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Title: Determination of the potential energy contribution and green house gas mitigation of small and medium anaerobic digester systems in Bangladesh
Author: Rahman, Khondokar Mizanur
Awarding Body: University of Brighton
Current Institution: University of Brighton
Date of Award: 2011
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This research is to determine the anaerobic digestion (AD) potential and green house gas mitigation of small and medium anaerobic digester systems in Bangladesh which could provide energy for the country's need. This was determined for two common feedstocks: cattle dung and poultry litter. A third potential feedstock is also investigated as a novel and significant new source: waste rice straw used in cattle markets. These three feedstocks were chosen because between them, they cover a large fraction of scenarios in the country where AD could be used. All of the data needed to determine the energy parameters of these three representative AD facility types were collected (i.e. biogas yield, biogas composition, life cycle data). Highest biogas yield of 0.099 m3/kg feedstock and methane percentage 74.4% were found from cattle market rice straw feedstock. The relative potential contributions to energy were then calculated. Where no reliable secondary data was available, primary data was obtained, through site visits and surveys. In order to determine the potential distribution of these representative AD facility types across the country, a survey of 125 smallholdings/farms in one district was carried out. This showed that 70% of the potential energy from AD would come from the cattle feedstock (87% of energy for the cattle feedstock would come from domestic plants). The poultry feedstock contributes 16% of the potential energy (63% of energy from poultry feedstock would come from medium sized plant) and the rice straw from the cattle markets is 14% (53% large and 47% very large). The energy capacity is presented in terms of the potential development of small, medium and large AD facilities. The total potential for biogas energy from cattle farms, poultry farms and cattle market rice straw in Bangladesh is 240 x106 MJ (240 TJ). This energy is equivalent to 66.7 x 106 kWh which can meet the cooking energy requirements of 30 million people in Bangladesh. This study also contains a Life Cycle Assessment (LCA) and the result showed that the lifetime Global Warming Potential (GWP) of a 3.2 m3 cow dung fed AD plant is 130 tonnes of CO2 equivalent. Biogas as cooking fuel can reduce the GWP by 109 tonnes of CO2 equivalent. It means the reduction of GWP of a domestic AD plant is of 84% to 21 tonnes CO2 equivalent.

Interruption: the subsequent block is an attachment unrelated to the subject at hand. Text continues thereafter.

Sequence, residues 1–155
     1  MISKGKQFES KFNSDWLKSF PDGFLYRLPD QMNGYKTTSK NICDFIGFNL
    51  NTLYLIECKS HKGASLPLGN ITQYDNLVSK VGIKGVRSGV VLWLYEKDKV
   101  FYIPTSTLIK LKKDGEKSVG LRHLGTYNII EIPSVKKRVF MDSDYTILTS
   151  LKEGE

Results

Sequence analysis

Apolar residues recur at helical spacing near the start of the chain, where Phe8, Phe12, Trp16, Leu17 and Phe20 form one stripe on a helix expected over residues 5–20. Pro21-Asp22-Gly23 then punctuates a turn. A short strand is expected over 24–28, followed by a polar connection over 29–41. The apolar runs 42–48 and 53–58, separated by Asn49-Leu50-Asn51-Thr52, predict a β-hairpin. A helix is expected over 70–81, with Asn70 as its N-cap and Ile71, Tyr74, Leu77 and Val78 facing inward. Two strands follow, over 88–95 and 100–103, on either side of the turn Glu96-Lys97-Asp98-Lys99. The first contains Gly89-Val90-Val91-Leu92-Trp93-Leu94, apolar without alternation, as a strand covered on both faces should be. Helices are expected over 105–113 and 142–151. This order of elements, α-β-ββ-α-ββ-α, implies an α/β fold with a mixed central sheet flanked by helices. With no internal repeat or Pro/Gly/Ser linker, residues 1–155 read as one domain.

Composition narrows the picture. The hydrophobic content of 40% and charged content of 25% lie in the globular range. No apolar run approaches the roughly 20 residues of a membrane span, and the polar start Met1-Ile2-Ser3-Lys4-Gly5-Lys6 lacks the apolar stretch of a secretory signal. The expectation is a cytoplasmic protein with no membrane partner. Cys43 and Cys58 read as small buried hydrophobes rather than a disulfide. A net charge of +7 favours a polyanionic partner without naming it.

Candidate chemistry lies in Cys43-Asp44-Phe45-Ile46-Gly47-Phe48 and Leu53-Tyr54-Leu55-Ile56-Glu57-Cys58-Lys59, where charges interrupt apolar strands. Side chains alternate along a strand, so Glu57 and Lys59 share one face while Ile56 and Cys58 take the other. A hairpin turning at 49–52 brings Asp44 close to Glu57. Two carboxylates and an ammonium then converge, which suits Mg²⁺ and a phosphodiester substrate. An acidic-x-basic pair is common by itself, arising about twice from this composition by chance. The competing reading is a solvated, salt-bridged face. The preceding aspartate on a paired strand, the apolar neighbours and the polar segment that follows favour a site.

Supervisor: Not available Sponsor: Not available
Qualification Name: Thesis (Ph.D.) Qualification Level: Doctoral
EThOS ID:  DOI: Not available